German MRO provider Lufthansa Technik has revealed that it is conducting its first operational change on an Airbus A380. The firm is supporting an undisclosed customer with a passenger-to-freight conversion of the type, as the COVID-19 pandemic fuels a global cargo capacity shortfall.
Lufthansa Technik has received requests from more than 40 airlines for various aircraft. The highlight of the list of course, is the A380, which until now had failed to land a role as a cargo platform.
Henning Jochmann, senior director of aircraft modification base maintenance at Lufthansa Technik said: “As the workscope comprises much more than just taking out seats, you need engineering experts who know exactly what the challenges are and how to document the technical solutions so correctly that the aviation authorities agree.”
The current exemption and Lufthansa’s solution can be transferred to a Supplemental Type Certificate (STC) at a later point without major adjustments. This means that airlines who opt for conversions can make them permanent later if they wish.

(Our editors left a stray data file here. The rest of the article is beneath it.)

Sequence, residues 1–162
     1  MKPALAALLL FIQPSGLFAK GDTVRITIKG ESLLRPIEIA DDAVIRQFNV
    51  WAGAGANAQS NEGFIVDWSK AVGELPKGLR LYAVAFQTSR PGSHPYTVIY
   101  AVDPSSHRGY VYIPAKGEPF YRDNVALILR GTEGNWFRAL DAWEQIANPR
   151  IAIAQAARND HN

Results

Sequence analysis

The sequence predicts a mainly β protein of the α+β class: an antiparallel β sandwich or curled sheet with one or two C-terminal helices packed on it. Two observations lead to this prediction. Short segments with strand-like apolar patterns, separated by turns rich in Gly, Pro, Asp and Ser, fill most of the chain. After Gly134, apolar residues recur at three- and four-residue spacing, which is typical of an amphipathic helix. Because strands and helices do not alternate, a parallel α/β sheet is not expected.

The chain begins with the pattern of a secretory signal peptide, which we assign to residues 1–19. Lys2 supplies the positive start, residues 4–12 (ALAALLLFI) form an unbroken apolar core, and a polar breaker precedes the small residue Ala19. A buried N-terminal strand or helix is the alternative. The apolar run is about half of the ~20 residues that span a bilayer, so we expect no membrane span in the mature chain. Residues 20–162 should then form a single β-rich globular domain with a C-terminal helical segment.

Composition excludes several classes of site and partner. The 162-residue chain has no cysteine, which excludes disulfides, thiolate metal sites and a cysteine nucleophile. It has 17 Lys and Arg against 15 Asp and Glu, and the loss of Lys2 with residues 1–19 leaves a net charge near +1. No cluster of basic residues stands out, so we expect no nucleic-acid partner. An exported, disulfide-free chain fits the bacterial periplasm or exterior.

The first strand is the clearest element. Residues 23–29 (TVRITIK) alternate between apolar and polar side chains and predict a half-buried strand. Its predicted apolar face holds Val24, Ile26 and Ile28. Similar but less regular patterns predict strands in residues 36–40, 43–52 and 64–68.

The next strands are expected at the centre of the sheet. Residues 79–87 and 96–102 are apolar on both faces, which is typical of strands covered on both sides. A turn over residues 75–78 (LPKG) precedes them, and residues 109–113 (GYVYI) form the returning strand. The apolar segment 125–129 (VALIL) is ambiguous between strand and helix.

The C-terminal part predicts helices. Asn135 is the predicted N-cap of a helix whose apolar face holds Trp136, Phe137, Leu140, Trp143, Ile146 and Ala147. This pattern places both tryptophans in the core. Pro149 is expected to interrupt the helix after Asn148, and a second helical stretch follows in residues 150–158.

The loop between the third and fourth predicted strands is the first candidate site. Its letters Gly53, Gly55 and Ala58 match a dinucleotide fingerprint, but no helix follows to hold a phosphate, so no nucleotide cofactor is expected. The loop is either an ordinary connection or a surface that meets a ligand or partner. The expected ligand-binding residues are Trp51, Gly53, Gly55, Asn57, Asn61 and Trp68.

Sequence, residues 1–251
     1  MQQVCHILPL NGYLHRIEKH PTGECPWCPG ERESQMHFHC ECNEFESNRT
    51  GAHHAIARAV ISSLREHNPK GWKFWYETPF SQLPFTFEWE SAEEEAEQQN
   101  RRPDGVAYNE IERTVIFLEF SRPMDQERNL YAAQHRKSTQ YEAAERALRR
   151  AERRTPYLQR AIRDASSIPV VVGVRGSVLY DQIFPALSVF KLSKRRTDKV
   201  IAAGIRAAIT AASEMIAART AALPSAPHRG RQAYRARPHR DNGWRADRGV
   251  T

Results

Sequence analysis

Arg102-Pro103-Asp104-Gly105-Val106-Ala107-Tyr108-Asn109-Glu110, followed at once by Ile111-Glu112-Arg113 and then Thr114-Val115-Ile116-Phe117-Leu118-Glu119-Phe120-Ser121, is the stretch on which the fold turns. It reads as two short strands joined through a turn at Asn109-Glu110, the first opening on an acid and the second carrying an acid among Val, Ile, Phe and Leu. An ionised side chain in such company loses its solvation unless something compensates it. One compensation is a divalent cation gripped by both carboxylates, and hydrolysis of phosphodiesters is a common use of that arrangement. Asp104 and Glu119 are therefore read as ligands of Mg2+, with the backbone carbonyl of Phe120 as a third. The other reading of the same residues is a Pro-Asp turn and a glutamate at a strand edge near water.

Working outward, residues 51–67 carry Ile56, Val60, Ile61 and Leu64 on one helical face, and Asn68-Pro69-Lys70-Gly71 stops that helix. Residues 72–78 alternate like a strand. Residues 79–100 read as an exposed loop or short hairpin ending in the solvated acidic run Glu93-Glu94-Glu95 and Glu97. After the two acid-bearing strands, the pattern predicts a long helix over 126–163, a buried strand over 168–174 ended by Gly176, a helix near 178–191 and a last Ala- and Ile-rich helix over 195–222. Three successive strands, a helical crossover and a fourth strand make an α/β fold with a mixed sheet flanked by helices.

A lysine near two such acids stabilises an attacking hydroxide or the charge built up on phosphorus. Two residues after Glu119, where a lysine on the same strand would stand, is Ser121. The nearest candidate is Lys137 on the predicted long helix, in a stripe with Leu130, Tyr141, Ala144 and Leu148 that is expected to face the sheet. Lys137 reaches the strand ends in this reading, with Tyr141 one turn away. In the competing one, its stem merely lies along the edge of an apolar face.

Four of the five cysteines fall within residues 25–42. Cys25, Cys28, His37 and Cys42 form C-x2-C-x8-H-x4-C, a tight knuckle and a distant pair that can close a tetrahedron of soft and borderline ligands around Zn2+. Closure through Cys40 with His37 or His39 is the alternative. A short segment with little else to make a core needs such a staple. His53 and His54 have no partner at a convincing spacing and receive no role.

Airbus itself offered an A380F variant until 2015, but delivered no examples following week interest from operators. The type would have had the largest payload capacity of any cargo aircraft, exceeded only by the Antonov An-225. The economics of the widebody did not work for its potential customers, as the trip cost was higher than its competitors.
The interest that Lufthansa is seeing in its passenger-to-freight services demonstrates that the economics in the context of COVID-19 have shifted. The price of air cargo has risen dramatically in response to the shortfall in capacity, meaning airlines all over the world are scrambling to increase the amount they can offer.
The German maintenance specialist says it is working “flat out” to obtain STCs for all common aircraft types so it can carry out conversions quickly.